In particular, working for the MCC as a Royal Charter Company, endows particular responsibilities in your duties in respect of SRA Principles 1,2 and 3.
I have brought to your attention, what in my opinion was a breach of the Rule of Law at this year’s MCC AGM where Agenda Item 5 c) was approved unlawfully. Indeed this Item was not the only one on the Agenda to be subject to an unlawful process of remote Member approval. How can any MCC Ballot be lawful that is subject to a remote voting process that is in place before any AGM has been lawfully convened and the Agenda Items discussed? In other words the sovereignty of votes at AGM has been removed and in the terms of our Royal Charter Articles, these actions are repugnant.
It would be appreciated if you give this important matter your personal attention please. With great respect this is not a matter for Mr Lavender, who I believe is not a Lawyer, to summarily dismiss.
I conclude by reminding you of the Counsel’s Opinion (James Findlay) supporting my challenge to the Club Rules on Postal Voting in 1999.
Nigel Knott (Dr.) Member No.27839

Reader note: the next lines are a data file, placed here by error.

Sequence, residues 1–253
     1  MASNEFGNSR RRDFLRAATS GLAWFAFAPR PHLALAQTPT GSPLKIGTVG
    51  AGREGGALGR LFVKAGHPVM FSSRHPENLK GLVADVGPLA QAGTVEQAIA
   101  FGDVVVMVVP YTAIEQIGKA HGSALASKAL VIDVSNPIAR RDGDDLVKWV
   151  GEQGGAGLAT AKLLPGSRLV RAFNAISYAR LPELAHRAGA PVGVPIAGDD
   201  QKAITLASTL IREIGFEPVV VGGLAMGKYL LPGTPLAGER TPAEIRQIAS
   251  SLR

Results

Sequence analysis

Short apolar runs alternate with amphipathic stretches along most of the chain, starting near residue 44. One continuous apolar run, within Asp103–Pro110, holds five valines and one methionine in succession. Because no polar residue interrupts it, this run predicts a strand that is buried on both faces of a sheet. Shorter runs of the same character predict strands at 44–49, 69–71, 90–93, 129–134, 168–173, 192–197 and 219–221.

To Farrer & Co
4 May 2023
Dear Anthony Turner,
I am sorry to learn of Holly’s unfortunate accident and so I am responding to your request to provide substance to my criticism of the Club Rules and my Point of Order made at the recent MCC AGM.
The history of our Club Rules and their evolution is of fundamental significance. Their spirit has taken on a noticeable disabling effect on democracy and Member rights at Lord’s within the last two decades. The grant of our Royal Charter in 2012 should be considered a golden opportunity to halt the decline of the democratic process by empowering MCC Members to determine and deliver pre-eminent governance at Lord’s.
On 30th January 2004 the MCC Committee circulated a Memorandum Document concerning “Proposed Revisions of the MCC Rules”.
43 Members were sent a draft copy of the New Rules for comment. A revised edition was presented for approval at the AGM of 5th May 2004 and was included at Agenda Item 5 to replace the existing Rule Booklet of 2004.